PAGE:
As we can see in the quote, the teacher argues for the importance of a common assessment language.
3.2. Changes before and after Partaking in the Study
The second part of the results deals with if there is any change regarding mode of language use and if so, in what way. In other words, if partaking in the study or the study and the intervention have influenced the teachers’ use of mode of languages when talking about assessment in cooperative situations. The results show that there are overall fewer statements about “assessment” before than after participating in the study. Further, most of the statements do not refer to assessment in general, but to group work assessment.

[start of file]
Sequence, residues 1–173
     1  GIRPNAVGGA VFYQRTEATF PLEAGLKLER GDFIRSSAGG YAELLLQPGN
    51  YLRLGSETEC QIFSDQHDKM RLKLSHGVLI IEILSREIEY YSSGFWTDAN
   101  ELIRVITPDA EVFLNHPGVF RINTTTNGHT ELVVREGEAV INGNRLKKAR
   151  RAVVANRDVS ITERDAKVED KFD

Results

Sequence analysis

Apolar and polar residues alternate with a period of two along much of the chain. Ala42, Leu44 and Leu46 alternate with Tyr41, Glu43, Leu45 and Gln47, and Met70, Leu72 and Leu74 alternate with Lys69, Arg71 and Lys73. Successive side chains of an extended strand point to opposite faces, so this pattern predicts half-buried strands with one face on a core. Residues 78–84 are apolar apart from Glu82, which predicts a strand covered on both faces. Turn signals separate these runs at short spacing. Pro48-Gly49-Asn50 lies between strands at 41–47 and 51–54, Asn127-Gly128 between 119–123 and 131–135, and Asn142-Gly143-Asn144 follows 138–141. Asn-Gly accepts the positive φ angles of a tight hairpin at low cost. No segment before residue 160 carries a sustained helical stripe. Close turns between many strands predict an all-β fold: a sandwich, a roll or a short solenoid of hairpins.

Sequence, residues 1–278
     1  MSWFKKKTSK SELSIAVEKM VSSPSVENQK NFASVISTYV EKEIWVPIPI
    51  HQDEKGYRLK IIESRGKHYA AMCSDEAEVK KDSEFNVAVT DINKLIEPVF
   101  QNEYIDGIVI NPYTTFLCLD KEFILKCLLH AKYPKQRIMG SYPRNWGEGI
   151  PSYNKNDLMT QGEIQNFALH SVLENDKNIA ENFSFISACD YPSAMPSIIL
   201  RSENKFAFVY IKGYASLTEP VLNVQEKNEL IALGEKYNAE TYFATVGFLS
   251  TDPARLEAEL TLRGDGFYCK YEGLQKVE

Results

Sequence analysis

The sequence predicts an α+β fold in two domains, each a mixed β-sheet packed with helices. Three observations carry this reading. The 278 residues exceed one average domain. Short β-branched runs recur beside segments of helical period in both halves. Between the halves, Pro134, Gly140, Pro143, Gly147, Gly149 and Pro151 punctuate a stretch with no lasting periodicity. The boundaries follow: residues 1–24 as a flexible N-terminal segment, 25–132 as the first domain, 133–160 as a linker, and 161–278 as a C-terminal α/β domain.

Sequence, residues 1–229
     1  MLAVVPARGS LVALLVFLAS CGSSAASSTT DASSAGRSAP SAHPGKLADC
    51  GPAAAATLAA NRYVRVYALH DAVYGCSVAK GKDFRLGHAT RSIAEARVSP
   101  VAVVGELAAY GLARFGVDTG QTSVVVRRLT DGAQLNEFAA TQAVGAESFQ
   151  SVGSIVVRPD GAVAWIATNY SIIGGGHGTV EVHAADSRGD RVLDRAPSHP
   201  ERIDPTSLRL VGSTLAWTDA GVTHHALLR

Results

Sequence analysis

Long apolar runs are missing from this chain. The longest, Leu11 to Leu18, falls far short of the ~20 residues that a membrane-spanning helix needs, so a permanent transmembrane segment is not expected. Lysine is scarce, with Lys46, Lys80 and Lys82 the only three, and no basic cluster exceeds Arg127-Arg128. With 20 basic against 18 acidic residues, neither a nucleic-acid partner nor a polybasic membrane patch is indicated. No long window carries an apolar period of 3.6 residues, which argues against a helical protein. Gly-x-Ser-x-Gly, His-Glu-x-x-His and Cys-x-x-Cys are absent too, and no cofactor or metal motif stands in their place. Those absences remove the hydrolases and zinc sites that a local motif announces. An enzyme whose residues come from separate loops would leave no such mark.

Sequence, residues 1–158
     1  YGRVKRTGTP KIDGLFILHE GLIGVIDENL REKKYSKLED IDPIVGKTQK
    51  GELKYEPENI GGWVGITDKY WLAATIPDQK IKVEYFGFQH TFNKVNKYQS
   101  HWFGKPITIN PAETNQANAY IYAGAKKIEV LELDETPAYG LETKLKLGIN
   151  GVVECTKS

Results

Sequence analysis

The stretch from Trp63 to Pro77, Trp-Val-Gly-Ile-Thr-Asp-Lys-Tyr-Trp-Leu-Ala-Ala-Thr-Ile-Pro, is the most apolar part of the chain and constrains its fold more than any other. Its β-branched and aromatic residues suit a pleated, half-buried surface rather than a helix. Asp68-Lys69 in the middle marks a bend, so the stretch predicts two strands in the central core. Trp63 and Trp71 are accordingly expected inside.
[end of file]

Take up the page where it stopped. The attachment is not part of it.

As shown in Table 3, 386 numbers of statements (i.e. identified text units) were categorized as statements about assessment. As already elaborated in the analysis, assessments were viewed in a holistic way, and there are variations in the statement length. Approximately 2/3 of all statements that included any type of assessment came from post interviews. Or in other words, 2/3 of the statements about assessment were articulated in the post interviews. Some possible explanations may be 1) different questions in the interviews and/or 2) more extended statements in the before interviews than in the after interviews, or 3) that the teachers actually talked more about assessment after partaking in the study. After scrutinizing the data and the interview guides we advocate the last explanation is the most probable.